Why do we price the workshop at 1/2 the cost of other executive level programs?
Our open enrollment tuition is $3,600. The facility fee at Granlibakken - room and board inclusive - is $1,700. Tuition, room and board: $5,300.
Here's current pricing for several executive level five-day programs. We know ours is significantly better than Harvard's; we suspect it is better than the others as well.
- Harvard Negotiation Institute - 5 day programs - $12,750 (tuition, room and most meals)
- Wharton Executive Negotiation Workshop: Bargaining for Advantage - $11,250 - $11,500 (tuition, room and board)
- University of Chicago, Booth School of Business, Negotiation and Decision Making Strategies - $10,500 (accommodations not included)
- University of Virginia, Darden School - Negotiating Success - $8,500 (tuition, room and board)
- Stanford - Influence & Negotiation Strategies - $12,600 (tuition, room and board)
The pricing decision has to do with objectives.
The university programs are meant to be reward-and-recognition for high potential individuals. Frequently, when their graduates go back to their organizations to seek to move them in that direction, they run into what Steve Jobs referred to as a concrete layer of middle managers who are committed to the current culture and don't want to change. (See Wall Street Journal, 8/2/17, page A1, "VW CEO Has Skeptics - His Own Managers." "There are definitely people who are longing for the old top-down leadership," Mr. Muller told an industry gathering in Germany in May, "I don't know if you can imagine how difficult it is to change their mind-set.")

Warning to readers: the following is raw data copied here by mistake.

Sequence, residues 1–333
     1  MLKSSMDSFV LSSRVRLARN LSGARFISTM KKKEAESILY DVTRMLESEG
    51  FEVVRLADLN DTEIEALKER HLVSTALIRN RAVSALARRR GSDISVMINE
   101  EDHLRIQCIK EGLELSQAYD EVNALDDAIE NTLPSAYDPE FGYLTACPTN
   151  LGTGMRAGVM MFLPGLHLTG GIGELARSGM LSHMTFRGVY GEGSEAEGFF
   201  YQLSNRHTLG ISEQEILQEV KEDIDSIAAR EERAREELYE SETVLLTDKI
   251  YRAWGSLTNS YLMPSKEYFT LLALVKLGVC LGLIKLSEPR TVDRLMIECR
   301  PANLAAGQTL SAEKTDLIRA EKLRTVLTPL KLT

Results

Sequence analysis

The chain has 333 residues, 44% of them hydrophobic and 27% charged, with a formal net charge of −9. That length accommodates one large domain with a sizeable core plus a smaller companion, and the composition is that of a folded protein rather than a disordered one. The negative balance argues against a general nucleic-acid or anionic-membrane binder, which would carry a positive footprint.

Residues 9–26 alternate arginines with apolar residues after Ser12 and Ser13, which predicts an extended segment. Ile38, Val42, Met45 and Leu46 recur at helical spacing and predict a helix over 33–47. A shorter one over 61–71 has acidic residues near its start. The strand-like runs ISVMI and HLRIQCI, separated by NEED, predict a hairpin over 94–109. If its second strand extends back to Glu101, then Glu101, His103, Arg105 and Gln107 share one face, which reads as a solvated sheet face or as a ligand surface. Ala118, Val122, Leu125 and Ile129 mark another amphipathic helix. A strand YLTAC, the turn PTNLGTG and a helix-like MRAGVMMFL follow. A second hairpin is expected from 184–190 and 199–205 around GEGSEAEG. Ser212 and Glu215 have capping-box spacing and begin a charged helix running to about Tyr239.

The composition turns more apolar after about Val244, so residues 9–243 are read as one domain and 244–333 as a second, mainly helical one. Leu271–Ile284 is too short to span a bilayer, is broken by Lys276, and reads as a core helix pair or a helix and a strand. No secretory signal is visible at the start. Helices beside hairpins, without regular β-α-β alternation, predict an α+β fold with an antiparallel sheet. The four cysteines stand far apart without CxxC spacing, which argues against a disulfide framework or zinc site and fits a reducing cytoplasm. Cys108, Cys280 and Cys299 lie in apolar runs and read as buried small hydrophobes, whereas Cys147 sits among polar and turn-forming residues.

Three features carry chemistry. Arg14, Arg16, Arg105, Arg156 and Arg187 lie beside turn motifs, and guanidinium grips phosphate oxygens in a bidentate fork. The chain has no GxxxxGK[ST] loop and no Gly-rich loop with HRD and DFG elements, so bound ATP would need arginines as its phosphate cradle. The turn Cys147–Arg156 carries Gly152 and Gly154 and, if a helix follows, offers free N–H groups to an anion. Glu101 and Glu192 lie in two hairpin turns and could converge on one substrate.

Our pricing goal is for companies to be able to send a critical mass of their people to the workshop, ideally starting with multiple levels of managers, in order to change the culture and significantly impact business effectiveness.
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